Shortly after she won the New Mexico governership, Susana Martinez (R) told Univision that she did not support bringing Arizona’s tough immigration law, SB-1070, to her state. “No, no, I don’t want that for New Mexico,” said Martinez. However, Martinez has come under some sharp criticism for issuing an executive order which has caused some opponents to claim that the governor has “created an SB 1070-like policy.”
Martinez’s order rescinds a policy by former Gov. Bill Richardson (D-NM) which prohibited state law enforcement from asking about a person’s immigration status only for the purpose of determining whether the individual was in violation of federal immigration laws. However, it appears Martinez is going a few steps farther by actually directing state law enforcement to ask about a person’s immigration status upon arrest:
WHEREAS, when a person, regardless of race, is arrested for a crime, state law enforcement officers shall inquire into the criminal suspect’s immigration status, and report relevant information to federal immigration enforcement authorities
I spoke with Melissa Keaney today, an attorney at the National Immigration Law Center who expressed some serious concerns about Martinez’s directive. To begin with, the executive order doesn’t specify at what point during the process of being arrested a person’s status should be checked. Given the fact that a lot of times victims and witnesses accidentally get arrested before it is clear who committed a crime, it makes a big difference whether a person is asked about their immigration status upon being booked in jail or at the time of conviction. Keaney also pointed out that the Secure Communities program — which allows police to identify undocumented immigrants by screening their fingerprints against immigration databases — is already used in 97 percent of the state. That means that Martinez is essentially adding yet another layer of police involvement in the enforcement of federal immigration law.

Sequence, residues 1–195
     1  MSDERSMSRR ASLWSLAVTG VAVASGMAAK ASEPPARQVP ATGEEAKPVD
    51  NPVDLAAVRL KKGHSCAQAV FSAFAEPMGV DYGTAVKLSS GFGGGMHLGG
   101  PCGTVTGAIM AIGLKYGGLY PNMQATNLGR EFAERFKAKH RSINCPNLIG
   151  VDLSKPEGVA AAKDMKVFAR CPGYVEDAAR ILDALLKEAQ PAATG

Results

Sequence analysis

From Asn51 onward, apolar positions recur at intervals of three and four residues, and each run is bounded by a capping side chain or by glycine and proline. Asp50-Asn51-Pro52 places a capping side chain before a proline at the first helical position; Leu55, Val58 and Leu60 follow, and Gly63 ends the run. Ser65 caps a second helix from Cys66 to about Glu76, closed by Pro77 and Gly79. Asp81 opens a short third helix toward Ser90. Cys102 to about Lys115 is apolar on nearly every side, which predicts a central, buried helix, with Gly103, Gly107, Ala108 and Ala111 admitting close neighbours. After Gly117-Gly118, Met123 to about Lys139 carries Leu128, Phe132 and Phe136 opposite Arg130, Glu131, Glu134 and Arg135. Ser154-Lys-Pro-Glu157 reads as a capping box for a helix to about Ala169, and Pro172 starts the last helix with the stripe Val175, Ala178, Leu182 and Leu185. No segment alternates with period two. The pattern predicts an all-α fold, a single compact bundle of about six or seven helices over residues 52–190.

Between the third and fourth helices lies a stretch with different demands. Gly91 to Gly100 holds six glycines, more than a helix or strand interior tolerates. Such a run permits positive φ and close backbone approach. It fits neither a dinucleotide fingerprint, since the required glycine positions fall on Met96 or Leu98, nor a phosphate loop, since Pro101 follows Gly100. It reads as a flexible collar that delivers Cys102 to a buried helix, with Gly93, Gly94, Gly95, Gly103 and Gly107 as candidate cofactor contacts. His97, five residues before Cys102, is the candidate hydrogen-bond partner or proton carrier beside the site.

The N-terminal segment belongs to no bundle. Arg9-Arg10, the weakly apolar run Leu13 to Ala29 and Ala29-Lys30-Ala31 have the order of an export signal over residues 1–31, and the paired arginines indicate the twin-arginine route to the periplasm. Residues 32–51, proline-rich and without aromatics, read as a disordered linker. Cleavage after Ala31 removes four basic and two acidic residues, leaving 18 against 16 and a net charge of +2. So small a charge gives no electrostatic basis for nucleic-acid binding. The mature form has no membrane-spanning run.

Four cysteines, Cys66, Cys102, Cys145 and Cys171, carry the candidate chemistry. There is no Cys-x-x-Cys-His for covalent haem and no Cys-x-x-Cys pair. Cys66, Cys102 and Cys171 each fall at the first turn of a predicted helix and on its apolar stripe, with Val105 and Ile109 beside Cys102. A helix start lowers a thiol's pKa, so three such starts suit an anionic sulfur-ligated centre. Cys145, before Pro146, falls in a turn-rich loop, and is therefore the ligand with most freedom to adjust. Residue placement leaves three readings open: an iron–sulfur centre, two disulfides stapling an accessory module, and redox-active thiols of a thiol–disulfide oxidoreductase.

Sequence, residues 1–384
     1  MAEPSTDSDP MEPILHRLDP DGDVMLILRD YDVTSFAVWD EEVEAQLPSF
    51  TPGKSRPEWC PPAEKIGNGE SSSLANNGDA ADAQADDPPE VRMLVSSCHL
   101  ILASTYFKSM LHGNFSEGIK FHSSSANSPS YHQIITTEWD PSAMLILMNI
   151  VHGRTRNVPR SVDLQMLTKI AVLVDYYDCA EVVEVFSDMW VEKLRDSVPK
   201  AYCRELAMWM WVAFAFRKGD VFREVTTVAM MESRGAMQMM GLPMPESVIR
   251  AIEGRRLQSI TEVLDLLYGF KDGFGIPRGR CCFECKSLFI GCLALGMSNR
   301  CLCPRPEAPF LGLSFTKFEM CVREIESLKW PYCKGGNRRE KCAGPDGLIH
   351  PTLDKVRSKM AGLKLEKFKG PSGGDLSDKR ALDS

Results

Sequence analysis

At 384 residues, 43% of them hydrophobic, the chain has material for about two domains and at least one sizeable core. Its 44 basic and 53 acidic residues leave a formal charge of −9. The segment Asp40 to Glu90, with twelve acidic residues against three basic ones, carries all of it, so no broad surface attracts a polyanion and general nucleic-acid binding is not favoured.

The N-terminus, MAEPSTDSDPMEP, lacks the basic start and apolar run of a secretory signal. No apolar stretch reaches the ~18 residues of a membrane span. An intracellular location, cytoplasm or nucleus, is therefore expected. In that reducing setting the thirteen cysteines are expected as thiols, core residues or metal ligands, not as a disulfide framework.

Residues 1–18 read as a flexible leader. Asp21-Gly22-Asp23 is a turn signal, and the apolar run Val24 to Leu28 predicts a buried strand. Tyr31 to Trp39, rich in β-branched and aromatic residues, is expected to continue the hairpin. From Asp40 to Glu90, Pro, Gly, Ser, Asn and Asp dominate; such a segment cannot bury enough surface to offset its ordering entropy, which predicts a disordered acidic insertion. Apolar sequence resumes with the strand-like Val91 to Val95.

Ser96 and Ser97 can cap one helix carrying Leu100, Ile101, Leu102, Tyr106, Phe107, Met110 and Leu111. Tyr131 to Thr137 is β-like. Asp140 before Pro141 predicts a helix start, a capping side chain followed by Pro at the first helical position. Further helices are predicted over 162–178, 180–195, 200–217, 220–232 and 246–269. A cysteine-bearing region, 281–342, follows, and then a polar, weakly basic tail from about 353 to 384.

However, despite these troubling issues with Martinez’s executive order, Keaney affirmed, “I could not say this is an SB-1070 copycat by any stretch of the imagination.” Brittney Nystrom, Director of Policy and Legal Affairs at the National Immigration Forum agrees. She pointed out to me that while SB-1070 allows for a warrantless arrest as soon as there is probable cause that the individual committed a deportable offense, Martinez’s order appears to be be limited to asking questions about immigration status and then reporting that information to Immigration and Customs Enforcement (ICE). “No arrest power is set forth for New Mexico law enforcement officers,” stated Nystrom. Read more